Fluorescent Light Help

The kitchen has a dropped ceiling with two pairs of standard 4-foot bulbs - I guess that's what is called T12. This fixture has never been very reliable in the 20 years I've owned the house. Bulbs don't last as long as they should, and on colder winter mornings, while the heater is still warming up the house, they often take several minutes to come on.
The last straw came two days ago when a two-week-old pair of Phillips bulbs no longer would light, period. One of those tubes already has blackened ends. The other pair in this fixture is working OK.
What is likely to have failed to cause such an early failure on these bulbs? I assume the ballast, but would like an expert to confirm. I'm interested in purchasing electronic replacements, while realizing they are more expensive than traditional magnetic ballasts, but an intimidated by unfamiliar concepts such as "ballast factor".
Can anyone provide practical troubleshooting and replacement/selection advice so I can purchase the correct pair of ballasts?
Art
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Arthur Shapiro wrote:

While you're at it, you might consider switching to T8 bulbs. You'll need to replace the bulb holders as well, but you'll get electronic ballasts automatically.
Chris
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I believe aT-8 will fit in the fixture without changing the sockets then change the ballast over. I have done many fixtures with out changing the sockets

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T8 and T12 bipin fluorescents take the same lampholders.
- Don Klipstein ( snipped-for-privacy@misty.com)
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I've had it with 22" & 32" circs and 6"-48" T whatever. When ANY part fails, I pull the guts and add 1-4 standard edison base sockets, and screw in 5w to 32w CFL's as needed.
Cost less that replacing the bad part and my box of $2 5/13/24w cfl's (HD 6 & 8 packs) will now replace everything.
-larry / dallas
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I have seen quite a share of problems and insufficiencies with fluorescents 22 watts or less, especially less than 15 watts, and ones between 22 and 32 watts are a bit oddball and expensive.
4-footers are less expensive and 2-foot F17T8 I have been quite happy with. My main problems with 4-footers are that some ballasts for F40T12 are lousy, and F34T12 can be "cranky", especially in cold or with a subpar ballast.
Use of "true 40 watt" F40T12 or better still 17 and 32 watt T8 with decent ballasts should do well where the fixtures fit well and look good.
A 4-footer usually costs less than a CFL and usually outlasts a CFL, is more efficient than a CFL and has less of warmup issues than a CFL. What CFLs are good for is where a good linear fixture is impractical, too big or does not look good.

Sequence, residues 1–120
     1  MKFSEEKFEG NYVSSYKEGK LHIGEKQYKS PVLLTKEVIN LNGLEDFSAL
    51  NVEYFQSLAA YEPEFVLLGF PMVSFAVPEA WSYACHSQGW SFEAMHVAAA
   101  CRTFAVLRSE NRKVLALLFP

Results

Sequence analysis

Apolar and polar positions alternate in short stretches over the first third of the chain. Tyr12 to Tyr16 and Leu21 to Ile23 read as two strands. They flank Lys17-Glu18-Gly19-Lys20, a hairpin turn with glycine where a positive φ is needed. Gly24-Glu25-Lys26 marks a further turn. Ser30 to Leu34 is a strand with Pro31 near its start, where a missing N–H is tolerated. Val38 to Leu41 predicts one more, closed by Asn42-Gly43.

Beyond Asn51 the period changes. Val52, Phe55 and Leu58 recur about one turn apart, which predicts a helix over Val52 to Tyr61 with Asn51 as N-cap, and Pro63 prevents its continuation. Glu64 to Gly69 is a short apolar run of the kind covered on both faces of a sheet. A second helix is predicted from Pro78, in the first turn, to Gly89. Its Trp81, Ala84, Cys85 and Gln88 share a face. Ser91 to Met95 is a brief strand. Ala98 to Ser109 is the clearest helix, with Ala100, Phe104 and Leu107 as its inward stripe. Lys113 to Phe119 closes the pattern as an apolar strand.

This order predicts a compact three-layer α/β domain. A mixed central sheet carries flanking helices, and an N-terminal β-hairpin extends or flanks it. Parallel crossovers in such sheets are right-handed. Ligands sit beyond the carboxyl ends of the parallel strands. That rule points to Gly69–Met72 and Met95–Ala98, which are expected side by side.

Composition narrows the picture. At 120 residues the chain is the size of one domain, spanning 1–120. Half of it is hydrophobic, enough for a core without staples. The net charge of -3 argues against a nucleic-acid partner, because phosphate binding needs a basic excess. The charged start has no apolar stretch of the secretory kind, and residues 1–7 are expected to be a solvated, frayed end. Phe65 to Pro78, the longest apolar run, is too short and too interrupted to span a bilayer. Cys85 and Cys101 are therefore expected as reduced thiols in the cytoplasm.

- Don Klipstein ( snipped-for-privacy@misty.com)
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On Jul 16, 12:43 pm, snipped-for-privacy@unisys.com (Arthur Shapiro) wrote:

Doing a value analysis with new fixtures will quickly lead you to conclude that the old fixture repair is a hopeless proposition. Avoiding the off shore super cheapies at the box stores ought to get you some attractive, modern, and reliable lighting. Of course, if you like to tinker, that's a whole different thing. HTH
Joe
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I prefer to change the ballast myself because too many fluorescent fixtures sold in retail establishments for use in homes (or home garages) have what many call "residential grade" ballasts, which I call "stool specimens".
- Don Klipstein ( snipped-for-privacy@misty.com)
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Many residential dual-T12 4-foot fixtures have some call the "residential grade" ballast. It is maybe 1.5 inches shorter than a "full size" dual-4-footer fluorescent lamp ballast. I call those ballasts "stool specimens" to put it politely.
Ballast factor is ratio of light output using the ballast in question to light output on a "reference ballast", which is some standard used to determine the catalog figure for rated light output.
Most ballasts for which ballast factor is made known are for T8 (1 inch diameter) bulbs. T8 ballasts tend to be electronic and better. I would recommend replacing the ballast with an electronic one for T8, and use T8 bulbs.
As for a usual dual-4-footer rapid start magnetic ballast becoming prone to blacken the ends of the bulbs quickly: The output series capacitor is probably shorted. The ballast can easily overheat from this. The ballast needs to be replaced.
- Don Klipstein ( snipped-for-privacy@misty.com)
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